Testosterone therapy for women with low androgen levels or body weight
2 April 2004. Related: Conference reports, Women's health, CROI 11 (Retrovirus) 2004.
Polly Clayden, HIV i-Base
Dr Dolan from the Massachusetts General Hospital, Boston, USA, presented findings from a double blind, placebo controlled study to evaluate the safety, efficacy and tolerability of testosterone administered to women with reduced androgen levels and low body weight.
A group of 57 HIV-positive women whose free testosterone was less than the median of the normal reference range, and whose weight was less than 90% of the ideal body weight (or whose weight loss was greater than 10%), were randomised to receive transdermal testosterone (4mg per patch) twice weekly (n=29) or placebo (n=28) for a period of six months.
The effect of the treatment was assessed in two ways: muscle mass was assessed by urinary creatinine excretion and muscle function was assessed by the Tufts Quantitative Muscle Function Test.
The investigators reported that at baseline all women had low weight (body mass index = 20.6+/-0.4 kg/m 2), significant weight loss from pre-illness maximum (18.7+/-1.2%), and reduced muscle function.
Among the women receiving the testosterone treatment there was significant rise in testosterone levels (total testosterone: 37+/-5 vs –2+/-2 ng/dL, p<0.0001; free testosterone: 3.7+/-0.5 vs -0.4+/-0.3 pg/mL, p<0.0001, testosterone and placebo arms respectively). The investigators observed that the testosterone was well tolerated, without adverse effects on immune function, lipids, glucose, liver function, body composition, or hirsuitism.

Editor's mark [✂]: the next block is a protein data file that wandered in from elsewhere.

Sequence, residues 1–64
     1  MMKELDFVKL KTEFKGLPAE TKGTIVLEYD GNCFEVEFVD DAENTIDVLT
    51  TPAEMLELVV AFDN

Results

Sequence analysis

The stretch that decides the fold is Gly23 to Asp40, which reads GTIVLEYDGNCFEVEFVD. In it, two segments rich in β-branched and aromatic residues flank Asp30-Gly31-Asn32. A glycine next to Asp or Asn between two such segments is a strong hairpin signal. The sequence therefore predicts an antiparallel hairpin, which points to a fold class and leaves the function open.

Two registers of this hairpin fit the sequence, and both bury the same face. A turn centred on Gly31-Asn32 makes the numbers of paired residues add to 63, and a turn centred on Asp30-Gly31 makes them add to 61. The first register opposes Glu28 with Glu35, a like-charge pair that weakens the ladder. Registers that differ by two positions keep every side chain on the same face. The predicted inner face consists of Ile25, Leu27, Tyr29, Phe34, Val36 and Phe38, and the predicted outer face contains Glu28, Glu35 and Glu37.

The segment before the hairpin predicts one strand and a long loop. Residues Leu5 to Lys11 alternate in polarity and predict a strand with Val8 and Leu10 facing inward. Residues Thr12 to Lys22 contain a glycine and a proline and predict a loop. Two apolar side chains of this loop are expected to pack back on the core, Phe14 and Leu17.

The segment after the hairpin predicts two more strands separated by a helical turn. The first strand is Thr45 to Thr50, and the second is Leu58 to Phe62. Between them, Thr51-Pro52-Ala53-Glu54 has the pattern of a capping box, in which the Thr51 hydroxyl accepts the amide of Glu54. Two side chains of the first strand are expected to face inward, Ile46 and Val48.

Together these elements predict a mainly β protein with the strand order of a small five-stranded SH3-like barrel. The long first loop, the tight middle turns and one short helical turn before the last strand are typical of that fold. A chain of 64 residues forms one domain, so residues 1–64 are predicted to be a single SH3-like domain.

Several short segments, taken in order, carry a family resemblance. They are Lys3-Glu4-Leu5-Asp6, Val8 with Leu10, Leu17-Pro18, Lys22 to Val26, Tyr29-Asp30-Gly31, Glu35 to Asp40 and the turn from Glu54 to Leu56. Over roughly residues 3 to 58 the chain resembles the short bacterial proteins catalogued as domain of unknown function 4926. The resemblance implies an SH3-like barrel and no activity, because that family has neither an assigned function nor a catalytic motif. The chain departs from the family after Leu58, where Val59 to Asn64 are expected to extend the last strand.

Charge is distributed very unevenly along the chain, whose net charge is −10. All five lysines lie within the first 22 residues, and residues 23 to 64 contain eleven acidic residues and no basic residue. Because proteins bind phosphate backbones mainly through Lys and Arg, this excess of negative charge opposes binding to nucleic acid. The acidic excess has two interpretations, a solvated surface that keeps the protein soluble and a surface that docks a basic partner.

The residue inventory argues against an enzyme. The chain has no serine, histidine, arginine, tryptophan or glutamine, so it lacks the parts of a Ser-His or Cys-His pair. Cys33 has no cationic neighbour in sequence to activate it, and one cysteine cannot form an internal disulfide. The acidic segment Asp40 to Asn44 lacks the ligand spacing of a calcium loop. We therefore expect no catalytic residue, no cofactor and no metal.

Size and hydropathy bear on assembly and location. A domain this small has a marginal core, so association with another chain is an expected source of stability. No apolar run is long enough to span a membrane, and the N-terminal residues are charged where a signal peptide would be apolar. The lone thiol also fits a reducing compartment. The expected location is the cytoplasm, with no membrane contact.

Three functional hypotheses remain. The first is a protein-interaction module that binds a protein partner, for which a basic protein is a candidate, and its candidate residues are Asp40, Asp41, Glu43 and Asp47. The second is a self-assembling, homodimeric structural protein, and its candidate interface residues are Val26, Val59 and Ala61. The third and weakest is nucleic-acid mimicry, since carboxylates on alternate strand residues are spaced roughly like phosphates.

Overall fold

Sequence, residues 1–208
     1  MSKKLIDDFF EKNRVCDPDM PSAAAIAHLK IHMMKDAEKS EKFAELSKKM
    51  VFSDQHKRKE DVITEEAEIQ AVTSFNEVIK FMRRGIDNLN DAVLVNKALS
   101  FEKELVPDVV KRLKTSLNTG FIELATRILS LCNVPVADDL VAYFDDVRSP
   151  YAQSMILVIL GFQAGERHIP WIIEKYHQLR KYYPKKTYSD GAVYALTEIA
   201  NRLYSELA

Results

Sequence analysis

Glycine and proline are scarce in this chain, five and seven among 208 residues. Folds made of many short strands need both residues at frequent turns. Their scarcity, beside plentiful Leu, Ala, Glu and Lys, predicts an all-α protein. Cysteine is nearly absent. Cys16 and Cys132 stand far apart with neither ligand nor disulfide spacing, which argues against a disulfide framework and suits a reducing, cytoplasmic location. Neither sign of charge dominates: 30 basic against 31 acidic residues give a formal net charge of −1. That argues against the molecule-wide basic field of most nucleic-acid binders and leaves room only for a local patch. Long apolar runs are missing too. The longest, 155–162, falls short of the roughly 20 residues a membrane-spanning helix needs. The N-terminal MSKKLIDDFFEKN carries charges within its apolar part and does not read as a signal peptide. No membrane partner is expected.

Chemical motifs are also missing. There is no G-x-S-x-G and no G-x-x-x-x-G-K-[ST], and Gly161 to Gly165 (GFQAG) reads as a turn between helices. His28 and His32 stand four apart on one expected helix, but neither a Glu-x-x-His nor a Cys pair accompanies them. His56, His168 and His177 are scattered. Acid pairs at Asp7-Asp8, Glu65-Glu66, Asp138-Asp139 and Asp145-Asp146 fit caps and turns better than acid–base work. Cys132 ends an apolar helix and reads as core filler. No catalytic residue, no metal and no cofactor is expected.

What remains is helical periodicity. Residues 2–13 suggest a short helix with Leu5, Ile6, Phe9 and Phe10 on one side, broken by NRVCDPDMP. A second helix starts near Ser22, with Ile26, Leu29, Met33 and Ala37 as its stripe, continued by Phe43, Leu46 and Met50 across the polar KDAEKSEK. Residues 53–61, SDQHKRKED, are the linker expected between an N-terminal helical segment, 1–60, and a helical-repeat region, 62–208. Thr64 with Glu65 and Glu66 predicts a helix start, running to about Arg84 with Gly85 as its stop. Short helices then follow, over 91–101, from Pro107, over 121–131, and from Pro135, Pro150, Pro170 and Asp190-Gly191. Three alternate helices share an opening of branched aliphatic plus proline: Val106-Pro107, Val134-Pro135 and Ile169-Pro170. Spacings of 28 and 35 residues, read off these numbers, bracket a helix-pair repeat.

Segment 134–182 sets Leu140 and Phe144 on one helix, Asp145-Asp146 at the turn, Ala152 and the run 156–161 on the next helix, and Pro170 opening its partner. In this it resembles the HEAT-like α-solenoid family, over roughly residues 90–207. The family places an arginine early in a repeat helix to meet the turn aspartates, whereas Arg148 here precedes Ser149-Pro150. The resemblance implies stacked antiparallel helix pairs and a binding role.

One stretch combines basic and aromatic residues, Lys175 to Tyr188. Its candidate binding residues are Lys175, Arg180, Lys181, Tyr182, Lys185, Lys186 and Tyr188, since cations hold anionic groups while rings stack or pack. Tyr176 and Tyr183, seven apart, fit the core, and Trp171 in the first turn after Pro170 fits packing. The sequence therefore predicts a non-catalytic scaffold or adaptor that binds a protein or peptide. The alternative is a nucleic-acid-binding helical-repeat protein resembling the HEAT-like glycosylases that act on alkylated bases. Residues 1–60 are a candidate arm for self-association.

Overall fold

They also reported an increase in muscle mass (1.4+/-0.6 vs 0.3+/-0.8 kg, p=0.082). Muscle function in shoulders (0.4+/-0.3 vs -0.5+/-0.3 kg, p=0.023), elbows (0.3+/-0.4 vs -0.7+/-0.4 kg, p=0.036), knee extension (0.2+/-1.0 vs -1.7+/-1.3 kg, p=0.019) and knee flexion (0.7+/-0.5 vs 0.3+/-0.7 kg, p=0.036) increased in the women receiving testosterone compared to the women receiving placebo.
Dr Dolan concluded: “Testosterone administration is well-tolerated and increases muscle strength in low-weight HIV-infected women. Testosterone administration may be a useful adjunctive therapy to maintain muscle function in symptomatic HIV-infected women, but we need to find the optimal dosing strategy.”
In general, steroids should be combined with regular physical exercise to improve the lean weight gain. This may explain the non-significant difference in muscle mass.
Dolan S, Wilkie S, Aliabadi N et al. Effects of testosterone administration in HIV-infected women with low weight: A randomised, placebo-controlled study. 11th CROI 2004, Abstract 151.